Daytripping Destinations

Guess What Day It Is!

Guess What Day It Is: Week 7

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Dear Daytrippers,

I feel I should be behind the wheel of Model T as I drive to the historic Ford Estate in Dearborn, MI. Fair Lane was Henry and Clara Ford’s final home which they moved into in December 1915, after the booming success of the Model T, the assembly line and Ford’s $5 workday policy. This was coming home for them, both were born and raised in Dearborn. Most of the original structures still stand today. I am intrigued by the powerhouse – so that is what I am going to share with you. Henry Ford had long been interested in alternative energy. When he built Fair Lane, he harnessed the power of the Rouge River to run the estate entirely on hydroelectric power. The dam was important to him because it was non-polluting. Ford cared deeply about the natural world and made efforts throughout his life to conserve it. As for the grand home, I was only able to walk the grounds, However, I am told “it is one of the first historic sites to be designated a National Historic Landmark, has an eclectic mix of English castle and prairie style, mixing European grandeur and Midwestern charm”.

Following Fords’ iconic tire tracks takes me to Greenfield Village where you can time travel without a machine. The Village came about as Henry Ford’s wish to showcase his vast collection of Americana and show how Americans through the years worked and played. When opened in 1929 structures included in his collection were the birthplaces, homes or workplaces of Ford, Edison, Luther Burbank and Wilbur and Orville Wright – many of them men whom Ford admired and/or knew as personal friends. Today, the village showcases 300 years of American perseverance and serves as a reminder that anything is possible.

Half an hour away is Grosse Pointe, MI where on the shores of Lake St. Clair at a place locally known as Gaukler Point stands beautiful Ford House. The impressive but unpretentious home of Edsel and Eleanor Ford and their four children. The walk from the grand gatehouse seemed to be about a quarter mile through sprawling grounds, formal rose garden past a cascading swimming pool with a waterfall that flows into a lagoon. At the main house I see a bride and groom posing for wedding photos so I circled around the back of the property and spend far longer than intended roaming the shore, taking in the splendid lakefront setting where in the distance I see white sails of the one boat brave enough to still be on the water this late in the season. The curator tells me a new visitor center is under construction to be opened in 2021. She also described the estate as “an American treasure and a monument to wealth and good taste”… I agree.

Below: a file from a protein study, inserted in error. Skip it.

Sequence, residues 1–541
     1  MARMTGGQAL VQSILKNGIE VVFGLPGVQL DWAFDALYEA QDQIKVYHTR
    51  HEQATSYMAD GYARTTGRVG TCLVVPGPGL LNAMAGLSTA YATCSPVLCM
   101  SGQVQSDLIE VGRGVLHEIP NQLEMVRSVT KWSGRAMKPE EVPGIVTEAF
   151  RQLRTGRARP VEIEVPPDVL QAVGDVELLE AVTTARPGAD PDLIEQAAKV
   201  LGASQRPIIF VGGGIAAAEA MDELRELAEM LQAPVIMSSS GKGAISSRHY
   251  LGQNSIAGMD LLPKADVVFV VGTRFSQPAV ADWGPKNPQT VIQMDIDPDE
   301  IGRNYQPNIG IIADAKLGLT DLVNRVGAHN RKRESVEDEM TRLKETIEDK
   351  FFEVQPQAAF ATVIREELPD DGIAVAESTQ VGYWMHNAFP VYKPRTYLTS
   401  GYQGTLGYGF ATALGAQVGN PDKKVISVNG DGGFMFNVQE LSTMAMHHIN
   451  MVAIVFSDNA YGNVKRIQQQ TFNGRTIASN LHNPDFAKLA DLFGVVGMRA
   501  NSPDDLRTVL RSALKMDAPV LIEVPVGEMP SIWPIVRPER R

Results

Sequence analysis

A short trip along Lakeshore Drive with fabulous homes and water views the whole way I find the Grosse Pointe War Memorial, situated on the grounds of the historic Alger Estate – the Moorings – a spacious Italian Renaissance-style home built in 1910 for Russell Alger and his family. In 1949 it was dedicated to serve as a perpetual memorial to those served and died in World War II, It’s mission to promote the ideals of democracy – the ideals valued within a perfect Union. When you read this it will Veterans Day – a day dedicated to honor our nation’s patriots and be grateful. This will be the first Veteran’s Day in 30 years that I have not spent on the bus with Daytrippers.

Missing you, stay safe
John

PS. I learned Russell Alger helped the Wright Brothers by investing in the Wright Co. and even bringing a plane to Grosse Pointe to give rides to potential investors. He allowed his daughter Josephine – age 12 at the time – to fly in a Wright Brothers biplane. Josephine was the inspiration for the song “Come, Josephine, in My Flying Machine”

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